More specifically, Mijatovic did it. The experienced forward pounced to score the only goal of the game midway through the first half. Roberto Carlos had attempted a typically ambitious cross-shot from a wide angle but his miscued effort deflected off Juve defender Mark Iuliano into Mijatovic's path. The first touch was instant. The second took his away from the sprawling goalkeeper Angelo Peruzzi. And the third found the roof of the net. Suggestions of offside were waved away.
Mijatovic doubtless felt justice was done given that he'd had a convincing penalty shout ignored earlier in the game. But the majority of the chances came at the other end. Juventus went close twice in the opening minutes, while Zidane blazed wide when well placed soon after. After the break, Iuliano fired over from a Zidane free-kick and Edgar Davids should have scored only to find the arms of Bodo Illgner with 15 minutes remaining.
It was a determined defensive performance from Real. Italy international Alessandro Del Piero was coming off the back of his best goalscoring season, having netted 32 goals in all competition and formed a famous partnership with Filippo Inzaghi. But Fernando Hierro, who was later embarrassed by Del Piero in a semi-final between the teams five years later, produced one of the great games of his career by marking Juve's star man out of the game.
Hierro's centre-back partner feels the credit must go to Jupp Heynckes, the Real Madrid coach who had come in for such criticism that season. "He was the person who made all the tactical decisions," added Sanchis. "He also had to make sure the squad was mentally prepared. It was a complicated year. But he succeeded in getting us into a mental state, whereby we forgot about our league woes and gave our best in Europe."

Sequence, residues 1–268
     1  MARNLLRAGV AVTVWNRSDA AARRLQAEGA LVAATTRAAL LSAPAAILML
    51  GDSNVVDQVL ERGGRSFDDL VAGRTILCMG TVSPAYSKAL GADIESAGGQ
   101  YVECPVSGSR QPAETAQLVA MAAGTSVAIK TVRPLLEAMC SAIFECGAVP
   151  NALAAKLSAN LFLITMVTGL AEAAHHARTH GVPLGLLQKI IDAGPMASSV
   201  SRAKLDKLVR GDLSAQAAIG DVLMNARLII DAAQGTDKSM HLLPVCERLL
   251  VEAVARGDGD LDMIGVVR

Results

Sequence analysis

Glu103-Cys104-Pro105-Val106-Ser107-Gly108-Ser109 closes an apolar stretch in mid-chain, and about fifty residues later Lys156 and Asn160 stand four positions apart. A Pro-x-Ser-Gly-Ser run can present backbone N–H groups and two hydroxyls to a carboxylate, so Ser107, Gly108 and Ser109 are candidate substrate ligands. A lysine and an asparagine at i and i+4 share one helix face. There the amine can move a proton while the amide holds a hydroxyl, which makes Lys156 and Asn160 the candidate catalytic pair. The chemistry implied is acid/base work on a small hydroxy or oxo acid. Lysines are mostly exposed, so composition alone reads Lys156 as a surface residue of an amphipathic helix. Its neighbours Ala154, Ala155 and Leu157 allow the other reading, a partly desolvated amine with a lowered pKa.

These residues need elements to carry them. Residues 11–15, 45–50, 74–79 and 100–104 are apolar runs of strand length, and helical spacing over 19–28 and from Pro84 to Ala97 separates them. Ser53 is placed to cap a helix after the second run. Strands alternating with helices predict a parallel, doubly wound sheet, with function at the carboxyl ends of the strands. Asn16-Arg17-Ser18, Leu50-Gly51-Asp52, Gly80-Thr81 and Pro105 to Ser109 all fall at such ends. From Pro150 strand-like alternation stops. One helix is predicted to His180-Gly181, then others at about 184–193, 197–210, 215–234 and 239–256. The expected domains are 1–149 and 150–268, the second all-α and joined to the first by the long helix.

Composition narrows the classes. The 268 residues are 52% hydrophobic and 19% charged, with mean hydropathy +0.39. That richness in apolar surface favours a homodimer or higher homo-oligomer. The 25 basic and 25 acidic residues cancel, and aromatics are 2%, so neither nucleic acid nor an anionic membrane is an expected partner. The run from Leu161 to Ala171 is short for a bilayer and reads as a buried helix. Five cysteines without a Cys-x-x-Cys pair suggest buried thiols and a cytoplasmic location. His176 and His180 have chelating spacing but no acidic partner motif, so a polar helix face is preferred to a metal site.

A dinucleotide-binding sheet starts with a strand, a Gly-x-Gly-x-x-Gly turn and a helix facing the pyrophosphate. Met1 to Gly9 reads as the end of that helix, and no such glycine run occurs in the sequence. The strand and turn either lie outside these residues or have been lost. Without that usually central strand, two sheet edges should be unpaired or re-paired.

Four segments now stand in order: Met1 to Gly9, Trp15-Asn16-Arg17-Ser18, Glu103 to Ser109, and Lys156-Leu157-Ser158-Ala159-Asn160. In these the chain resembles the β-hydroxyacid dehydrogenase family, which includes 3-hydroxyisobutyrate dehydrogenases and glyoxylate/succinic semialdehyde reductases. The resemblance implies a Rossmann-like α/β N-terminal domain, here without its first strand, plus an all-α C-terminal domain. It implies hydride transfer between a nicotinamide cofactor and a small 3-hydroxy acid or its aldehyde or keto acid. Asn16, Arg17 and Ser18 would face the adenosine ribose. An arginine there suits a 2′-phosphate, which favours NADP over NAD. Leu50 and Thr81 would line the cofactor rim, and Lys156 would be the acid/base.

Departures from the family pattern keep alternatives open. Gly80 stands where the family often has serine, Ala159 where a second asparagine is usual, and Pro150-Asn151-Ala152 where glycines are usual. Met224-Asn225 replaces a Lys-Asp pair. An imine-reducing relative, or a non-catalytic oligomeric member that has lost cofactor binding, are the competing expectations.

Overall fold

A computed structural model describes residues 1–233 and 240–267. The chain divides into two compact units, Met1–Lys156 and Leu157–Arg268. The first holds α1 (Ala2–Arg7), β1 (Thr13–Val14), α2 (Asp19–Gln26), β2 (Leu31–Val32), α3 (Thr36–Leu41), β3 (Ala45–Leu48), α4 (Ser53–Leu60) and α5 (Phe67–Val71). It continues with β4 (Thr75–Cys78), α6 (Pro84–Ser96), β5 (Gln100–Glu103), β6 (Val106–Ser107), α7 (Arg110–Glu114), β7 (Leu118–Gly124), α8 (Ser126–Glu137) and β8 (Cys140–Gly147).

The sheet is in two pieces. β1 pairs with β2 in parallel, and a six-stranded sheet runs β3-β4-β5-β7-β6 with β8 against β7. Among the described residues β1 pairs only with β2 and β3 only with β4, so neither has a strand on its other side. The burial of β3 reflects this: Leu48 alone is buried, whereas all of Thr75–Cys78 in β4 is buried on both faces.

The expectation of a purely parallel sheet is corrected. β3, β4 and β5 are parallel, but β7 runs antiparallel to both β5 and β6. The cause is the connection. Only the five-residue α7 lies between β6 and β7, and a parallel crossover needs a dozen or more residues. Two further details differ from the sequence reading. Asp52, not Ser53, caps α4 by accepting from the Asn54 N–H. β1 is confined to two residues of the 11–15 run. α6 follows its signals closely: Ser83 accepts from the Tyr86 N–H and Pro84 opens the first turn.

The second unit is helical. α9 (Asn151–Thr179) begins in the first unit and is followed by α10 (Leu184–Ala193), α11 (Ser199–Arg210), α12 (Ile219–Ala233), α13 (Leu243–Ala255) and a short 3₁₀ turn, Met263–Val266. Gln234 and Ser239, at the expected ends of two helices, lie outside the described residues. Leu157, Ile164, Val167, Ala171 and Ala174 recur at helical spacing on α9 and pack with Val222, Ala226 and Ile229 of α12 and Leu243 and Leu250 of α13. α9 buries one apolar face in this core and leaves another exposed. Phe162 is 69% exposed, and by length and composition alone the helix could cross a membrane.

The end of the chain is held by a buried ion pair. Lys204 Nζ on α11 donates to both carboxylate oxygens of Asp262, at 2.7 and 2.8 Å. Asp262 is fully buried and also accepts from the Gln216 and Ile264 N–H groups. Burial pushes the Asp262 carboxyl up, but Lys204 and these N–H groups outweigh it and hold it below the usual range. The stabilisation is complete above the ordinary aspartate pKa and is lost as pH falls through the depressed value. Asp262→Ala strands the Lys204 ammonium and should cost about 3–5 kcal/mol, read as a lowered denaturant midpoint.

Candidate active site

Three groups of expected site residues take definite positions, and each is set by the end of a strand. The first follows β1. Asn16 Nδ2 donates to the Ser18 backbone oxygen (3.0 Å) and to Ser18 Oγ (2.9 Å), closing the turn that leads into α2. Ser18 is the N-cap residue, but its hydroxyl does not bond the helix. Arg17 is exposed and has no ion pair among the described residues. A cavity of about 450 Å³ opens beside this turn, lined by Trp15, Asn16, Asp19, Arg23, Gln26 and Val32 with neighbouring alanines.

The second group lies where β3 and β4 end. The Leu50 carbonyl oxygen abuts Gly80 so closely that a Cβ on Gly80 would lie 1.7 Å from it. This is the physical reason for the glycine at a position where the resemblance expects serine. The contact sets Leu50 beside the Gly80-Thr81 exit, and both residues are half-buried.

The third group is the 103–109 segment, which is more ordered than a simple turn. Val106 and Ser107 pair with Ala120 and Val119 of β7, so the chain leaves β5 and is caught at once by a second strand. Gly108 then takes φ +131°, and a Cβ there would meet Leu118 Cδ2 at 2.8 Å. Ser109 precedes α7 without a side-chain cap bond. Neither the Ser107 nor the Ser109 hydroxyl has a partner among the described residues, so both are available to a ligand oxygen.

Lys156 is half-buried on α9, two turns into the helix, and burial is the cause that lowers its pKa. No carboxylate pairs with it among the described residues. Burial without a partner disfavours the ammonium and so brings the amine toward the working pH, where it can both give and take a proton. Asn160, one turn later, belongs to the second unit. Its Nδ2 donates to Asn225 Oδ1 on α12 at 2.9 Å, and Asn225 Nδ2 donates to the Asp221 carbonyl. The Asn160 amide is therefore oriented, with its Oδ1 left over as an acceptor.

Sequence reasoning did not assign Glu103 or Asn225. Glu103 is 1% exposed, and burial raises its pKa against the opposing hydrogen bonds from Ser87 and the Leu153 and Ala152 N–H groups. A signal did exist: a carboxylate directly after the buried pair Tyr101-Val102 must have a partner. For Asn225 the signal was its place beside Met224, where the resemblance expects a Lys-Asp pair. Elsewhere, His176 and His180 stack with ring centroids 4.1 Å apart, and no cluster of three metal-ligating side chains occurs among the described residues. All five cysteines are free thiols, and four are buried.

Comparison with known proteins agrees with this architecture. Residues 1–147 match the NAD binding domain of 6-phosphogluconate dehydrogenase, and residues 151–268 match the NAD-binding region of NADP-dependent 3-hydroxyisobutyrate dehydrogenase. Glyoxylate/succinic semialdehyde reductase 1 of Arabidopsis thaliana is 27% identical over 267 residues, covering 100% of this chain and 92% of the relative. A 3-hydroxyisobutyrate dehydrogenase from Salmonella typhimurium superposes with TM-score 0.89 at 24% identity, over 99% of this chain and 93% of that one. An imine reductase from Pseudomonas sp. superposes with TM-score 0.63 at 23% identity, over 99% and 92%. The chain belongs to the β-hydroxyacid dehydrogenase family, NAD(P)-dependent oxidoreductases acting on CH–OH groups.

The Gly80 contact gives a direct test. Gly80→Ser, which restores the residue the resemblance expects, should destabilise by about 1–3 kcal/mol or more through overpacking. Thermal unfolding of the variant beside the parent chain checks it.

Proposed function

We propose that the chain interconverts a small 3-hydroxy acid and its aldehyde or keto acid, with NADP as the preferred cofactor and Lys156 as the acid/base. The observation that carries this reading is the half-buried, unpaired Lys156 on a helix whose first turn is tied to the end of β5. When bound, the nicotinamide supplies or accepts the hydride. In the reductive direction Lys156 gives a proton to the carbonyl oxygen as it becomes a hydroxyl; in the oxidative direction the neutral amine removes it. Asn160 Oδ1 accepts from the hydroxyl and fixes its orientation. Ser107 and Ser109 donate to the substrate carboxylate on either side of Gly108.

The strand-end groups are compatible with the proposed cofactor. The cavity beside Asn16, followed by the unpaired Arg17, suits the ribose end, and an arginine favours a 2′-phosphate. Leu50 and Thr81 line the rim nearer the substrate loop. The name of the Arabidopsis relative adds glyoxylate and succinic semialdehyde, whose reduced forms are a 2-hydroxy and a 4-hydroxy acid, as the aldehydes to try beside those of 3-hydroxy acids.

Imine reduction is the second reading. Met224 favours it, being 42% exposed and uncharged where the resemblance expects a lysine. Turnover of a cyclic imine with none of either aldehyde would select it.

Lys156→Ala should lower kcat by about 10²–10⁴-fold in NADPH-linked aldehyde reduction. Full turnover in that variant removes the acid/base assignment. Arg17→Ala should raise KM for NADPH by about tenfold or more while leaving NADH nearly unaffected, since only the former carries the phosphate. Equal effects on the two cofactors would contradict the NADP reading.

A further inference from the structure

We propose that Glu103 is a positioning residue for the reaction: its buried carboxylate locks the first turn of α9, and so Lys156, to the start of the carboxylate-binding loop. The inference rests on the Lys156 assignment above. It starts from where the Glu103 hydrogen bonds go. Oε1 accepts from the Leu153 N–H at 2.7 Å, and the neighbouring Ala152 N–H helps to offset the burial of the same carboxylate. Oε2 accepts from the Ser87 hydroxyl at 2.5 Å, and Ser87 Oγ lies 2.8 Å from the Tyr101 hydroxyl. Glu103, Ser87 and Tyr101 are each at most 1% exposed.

It didn't save Heynckes from the sack. The German was understandably prickly in his post-match press conference when asked about his future but the speculation was not without substance. "I can't allow that one match and one goal to change the future of Real Madrid," explained club president Lorenzo Sanz in seeking to justify his decision. "If we hadn't won that title, this would have been one of the worst seasons in our history, not even qualifying for the Champions League. Heynckes had a lot of pressure from outside and he couldn't handle it."
Heynckes saw things rather differently, citing the extraordinary circumstances under which a coach has to work at the Bernabeu. "If I had told the president during pre-season that we would win the Champions League, he would have extended my contract for five years," he argued. "I have not been backed by the board. In the last four months I have worked under conditions that any other coach would have been unable to cope with. I was able to overcome it thanks to my experience."
Heynckes did overcome it. While Real were playing second fiddle to Barcelona in La Liga, he was the Bayern Munich coach masterminding a 7-0 aggregate demolition of the acclaimed Catalan outfit in the spring. Bayern went on to win the treble last season... And Heynckes was promptly replaced once again.
As for Sanz, he was partially vindicated as Real won the trophy again in 2000 but within weeks he found himself usurped by Florentino Perez. The new president had promised the signing of Luis Figo and followed it up with the acquisition of Zidane - from Juventus - the next summer. While Zidane helped Real win their ninth European title in 2002, the Galactico project failed to deliver the anticipated success on the field. And the wait for La Decima continues.